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Child Nutrition Programs: A Legacy of Advocates

Throughout U.S. history, child nutrition programs have been developed and improved to reduce child hunger through the actions of advocates and lawmakers. It falls to us to continue the fight of ensuring no child goes hungry by advocating to strengthen child nutrition programs through Child Nutrition Reauthorization.

March 25, 2022 | By Fleurian Filkins, 28th Class Bill Emerson National Hunger Fellow

The blog below is a brief overview of the history of select federal child nutrition programs and does not serve as an exhaustive resource that amplifies all the people and moments that have made these programs what they are today.

In 2020, around 1 in 7 households with children had trouble meeting their nutritional needs, with kids in rural areas and Black, Latino, and Native American children being especially impacted. Today, over two years into the COVID-19 pandemic, child hunger persists as millions of families continue to struggle to make ends meet. Kids who face hunger are more likely to experience developmental impairments, repeat a grade, and have behavioral problems, limiting their ability to thrive.

Londyn (left) and her six-year-old brother, Logan, at a food distribution in Houma, LA.

Historically, policymakers have developed and improved child nutrition programs to help ensure that children do not go hungry during trying times. However, lawmakers did not act alone. Advocates used their shared power to call the government to action by pointing out opportunities to leverage existing programs and develop solutions.

A Brief History of Child Nutrition Programs


1932: Local school lunch programs began receiving federal funding on a small scale.

An old poster with “Every child needs a good school lunch” printed at the top. “Needs” is highlighted in red. At the bottom, it reads “The War Food Administration will help your community start a school lunch program.” In the upper left half, there is an illustration of two children playing baseball. In the bottom right is a photo of a white child eating lunch.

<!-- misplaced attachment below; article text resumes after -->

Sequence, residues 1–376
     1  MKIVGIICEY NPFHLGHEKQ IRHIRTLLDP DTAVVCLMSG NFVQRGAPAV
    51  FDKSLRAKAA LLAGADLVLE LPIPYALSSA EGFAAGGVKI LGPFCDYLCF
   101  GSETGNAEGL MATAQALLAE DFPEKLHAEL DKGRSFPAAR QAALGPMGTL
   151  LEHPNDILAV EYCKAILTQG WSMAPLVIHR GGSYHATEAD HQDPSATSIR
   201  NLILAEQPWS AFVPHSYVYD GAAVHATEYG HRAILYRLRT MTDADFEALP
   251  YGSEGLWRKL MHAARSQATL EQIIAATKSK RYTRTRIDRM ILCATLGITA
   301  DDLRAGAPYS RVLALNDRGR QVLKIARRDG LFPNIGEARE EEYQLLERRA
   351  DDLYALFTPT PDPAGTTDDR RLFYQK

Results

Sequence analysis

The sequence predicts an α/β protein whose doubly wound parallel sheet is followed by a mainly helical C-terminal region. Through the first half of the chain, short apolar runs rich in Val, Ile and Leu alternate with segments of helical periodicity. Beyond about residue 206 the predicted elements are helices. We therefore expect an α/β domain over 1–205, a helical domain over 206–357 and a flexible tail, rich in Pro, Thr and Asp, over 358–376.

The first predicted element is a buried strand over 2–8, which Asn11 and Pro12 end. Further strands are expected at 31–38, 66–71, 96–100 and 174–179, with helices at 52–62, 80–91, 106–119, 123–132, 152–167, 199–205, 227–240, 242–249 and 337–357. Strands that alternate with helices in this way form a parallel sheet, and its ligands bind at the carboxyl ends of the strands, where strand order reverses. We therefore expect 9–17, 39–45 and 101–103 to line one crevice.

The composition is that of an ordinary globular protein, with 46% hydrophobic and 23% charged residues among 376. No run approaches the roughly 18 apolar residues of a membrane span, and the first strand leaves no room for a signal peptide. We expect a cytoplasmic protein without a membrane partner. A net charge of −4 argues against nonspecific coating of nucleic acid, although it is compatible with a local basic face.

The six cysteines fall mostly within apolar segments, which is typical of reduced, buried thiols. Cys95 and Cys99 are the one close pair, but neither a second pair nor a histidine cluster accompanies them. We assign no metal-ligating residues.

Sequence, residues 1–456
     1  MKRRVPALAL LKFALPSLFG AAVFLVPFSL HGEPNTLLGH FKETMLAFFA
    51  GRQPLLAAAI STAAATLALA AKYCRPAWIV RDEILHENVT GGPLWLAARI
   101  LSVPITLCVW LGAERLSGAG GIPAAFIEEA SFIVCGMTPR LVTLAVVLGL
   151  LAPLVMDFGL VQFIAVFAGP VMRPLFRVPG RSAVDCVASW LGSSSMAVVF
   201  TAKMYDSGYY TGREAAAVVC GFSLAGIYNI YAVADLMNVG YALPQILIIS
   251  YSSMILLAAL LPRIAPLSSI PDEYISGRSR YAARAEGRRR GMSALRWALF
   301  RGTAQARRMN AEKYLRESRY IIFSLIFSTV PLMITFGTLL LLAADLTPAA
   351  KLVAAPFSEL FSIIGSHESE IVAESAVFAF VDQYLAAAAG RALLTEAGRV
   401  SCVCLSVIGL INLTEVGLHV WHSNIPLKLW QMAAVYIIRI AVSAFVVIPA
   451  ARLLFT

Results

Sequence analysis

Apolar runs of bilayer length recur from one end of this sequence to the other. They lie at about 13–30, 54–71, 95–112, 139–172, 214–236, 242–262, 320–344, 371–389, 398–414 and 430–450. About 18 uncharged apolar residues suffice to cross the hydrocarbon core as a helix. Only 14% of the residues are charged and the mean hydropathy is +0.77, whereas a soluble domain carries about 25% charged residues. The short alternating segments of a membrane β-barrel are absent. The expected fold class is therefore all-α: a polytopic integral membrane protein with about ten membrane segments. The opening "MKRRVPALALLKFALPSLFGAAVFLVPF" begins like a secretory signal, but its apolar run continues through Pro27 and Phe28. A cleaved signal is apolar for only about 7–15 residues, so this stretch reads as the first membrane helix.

Before there were government-funded child nutrition programs, communities ran volunteer school lunch programs. When the Great Depression hit, communities couldn’t keep up with need, pushing advocates to turn to the government for help.

1946: The National School Lunch Program (NSLP) was made permanent, providing states with grants to support school lunch programs in communities that were low-income.

The program lacked adequate funding and was used discriminately, underserving schools that were low-income and/or predominantly Black. In 1968, Right to Lunch efforts run by the Committee on School Lunch Participation and the National Association for the Advancement of Colored People (NAACP) released a report that identified program inequities and policy solutions. In 1970, NSLP legislation was changed, establishing the right to free or reduced-price school lunch for every child living in a household with an income below the poverty level.

1966: The School Breakfast Program (SBP) was established as a pilot program.

13 Black children eat breakfast together at one long table. Two Black Panther Party members are bringing milk to the children.